There are dark surface stains on this table leaf They look like old pasnt or similar substance The blade of a sharp pocket knife is ihe best lool for removing this kind of stain. Simply scrape across Ihe surface and lift off the starn.

HOW TO REMOVE Some of the repair STAINS THAT techniques we arc PENETRATE going to suggest THE FINISH are quite simple, while others take some practice and experience. W'c suggest that you practice on scrap wood with any technique. After a few sessions on the scrap material, you can undertake the actual repair on your project.

You can't always tell whether a stain

Once you have patched an area, stain it to match the existing stain Sometimes a small artist's brush is the ideal too! for the |ob.

has remained on the surface or penetrated the finish. To be on the sale side, I irst try the scraping technique discussed under "Surface Stains" above. If that doesn't work, the stain probably has penetrated the finish and perhaps even gone into the wood itself. The only solution then is to apply mild abrasion until the stain disap-pears. This means removing the finish from the area.

Work the abrasive (pumice and oil. or line sandpaper) until the stain is gone. Then examine the area to see what has happened. There are two possibilities.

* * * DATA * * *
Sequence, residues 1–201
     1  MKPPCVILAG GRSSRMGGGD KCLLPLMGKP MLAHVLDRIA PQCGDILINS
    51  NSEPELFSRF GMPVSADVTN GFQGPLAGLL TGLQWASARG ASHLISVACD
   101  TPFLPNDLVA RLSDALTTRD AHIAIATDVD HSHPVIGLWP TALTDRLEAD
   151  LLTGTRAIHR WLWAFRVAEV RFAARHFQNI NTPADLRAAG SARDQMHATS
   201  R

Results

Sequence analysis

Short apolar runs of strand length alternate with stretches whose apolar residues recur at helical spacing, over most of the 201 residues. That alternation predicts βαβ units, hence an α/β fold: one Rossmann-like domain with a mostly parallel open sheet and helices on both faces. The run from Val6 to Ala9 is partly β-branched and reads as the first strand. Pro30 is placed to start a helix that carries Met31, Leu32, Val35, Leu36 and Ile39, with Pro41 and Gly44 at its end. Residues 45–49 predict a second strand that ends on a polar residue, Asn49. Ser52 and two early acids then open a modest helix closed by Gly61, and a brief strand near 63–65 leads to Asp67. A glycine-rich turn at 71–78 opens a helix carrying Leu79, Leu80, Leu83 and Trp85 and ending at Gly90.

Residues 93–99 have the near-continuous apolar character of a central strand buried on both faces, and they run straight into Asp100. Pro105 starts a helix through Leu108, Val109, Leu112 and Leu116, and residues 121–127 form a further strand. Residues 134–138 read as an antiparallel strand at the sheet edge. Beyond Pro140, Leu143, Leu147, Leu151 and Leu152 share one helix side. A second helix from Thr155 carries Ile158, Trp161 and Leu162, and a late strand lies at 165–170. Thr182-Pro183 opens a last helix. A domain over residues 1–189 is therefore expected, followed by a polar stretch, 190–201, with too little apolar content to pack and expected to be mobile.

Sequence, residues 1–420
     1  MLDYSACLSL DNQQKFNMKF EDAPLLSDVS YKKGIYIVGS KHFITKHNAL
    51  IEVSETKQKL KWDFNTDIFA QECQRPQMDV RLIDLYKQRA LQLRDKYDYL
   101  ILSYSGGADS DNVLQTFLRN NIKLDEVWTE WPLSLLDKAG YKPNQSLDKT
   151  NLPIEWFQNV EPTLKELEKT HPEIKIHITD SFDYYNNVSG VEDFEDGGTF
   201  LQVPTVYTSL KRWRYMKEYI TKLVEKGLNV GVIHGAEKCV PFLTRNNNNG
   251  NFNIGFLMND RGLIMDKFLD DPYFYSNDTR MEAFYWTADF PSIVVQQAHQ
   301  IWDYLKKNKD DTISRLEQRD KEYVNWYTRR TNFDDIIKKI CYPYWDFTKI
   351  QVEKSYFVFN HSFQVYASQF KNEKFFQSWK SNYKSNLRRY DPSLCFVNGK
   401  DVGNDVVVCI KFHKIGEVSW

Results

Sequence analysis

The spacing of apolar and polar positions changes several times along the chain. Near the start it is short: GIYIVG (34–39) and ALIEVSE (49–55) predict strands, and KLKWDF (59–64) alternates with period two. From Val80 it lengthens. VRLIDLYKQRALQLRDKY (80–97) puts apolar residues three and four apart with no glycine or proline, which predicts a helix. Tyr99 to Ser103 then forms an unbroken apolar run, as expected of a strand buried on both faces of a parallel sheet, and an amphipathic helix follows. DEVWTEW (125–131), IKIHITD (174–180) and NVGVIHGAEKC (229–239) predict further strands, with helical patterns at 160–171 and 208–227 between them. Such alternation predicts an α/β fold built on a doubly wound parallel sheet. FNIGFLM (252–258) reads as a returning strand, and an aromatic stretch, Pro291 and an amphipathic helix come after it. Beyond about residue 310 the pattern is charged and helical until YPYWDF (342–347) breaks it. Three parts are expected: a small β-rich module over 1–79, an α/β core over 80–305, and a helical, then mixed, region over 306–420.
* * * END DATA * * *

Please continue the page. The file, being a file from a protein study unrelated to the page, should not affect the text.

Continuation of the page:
Shallow Stain You have removed both the finish and the objectionable stain but have scraped down to the wood. The coloring of the wood, however, is still good, To complete the repair, clean away all abrasive material and apply a coat of the same finish (varnish, shellac, lacquer) material. Use an artist's brush for the job, and brush out the edges of the patch so that the edges won't create ridges when the patch dries. Use several coats, and allow each to dry thoroughly before applying the next. After the Final coat has dried, sand the area with superfine abrasive paper (8/0 to ¡0/0 grade), blending the patched area into the rest of the finish. Once you have cfeaned away the abrasive residue and applied a coat of wax, the patch is finished.

Deep Stain You have removed the finish and the objectionable stain, but find that the coloring stain is also gone, and the exposed wood is its natural color. The solution is to restain the wood, then rel'inish the patch as described in the preceding paragraph The tricky part is to find the right color of stain. Use a scrap of the same kind of wood, and try different colors. coating each with finish material. When the finish has dried, match these colors to the furniture, and use the closest one. Keep in mind that the old wood won't take the stain in exactly the same way as the new wood; the stain probably will be darker on the old wood.

Deep Burns

A deep burn extends beneath the finish.

A cigarette burned the edge of this table leat to make a black char about % in. long To repair it scrape with the sharp blade of a pocket knife.

The scraping takes longer than you might think The surface char comes off easily Then, keep scraping until al! signs of black discoloration are gone In most cases, a little stain restores the color after scraping. If the char is very deep, use slick shellac to till the crater

A cigarette burned the edge of this table leat to make a black char about % in. long To repair it scrape with the sharp blade of a pocket knife.

The wood near the surface usually is charred black, and the charred wood must be removed.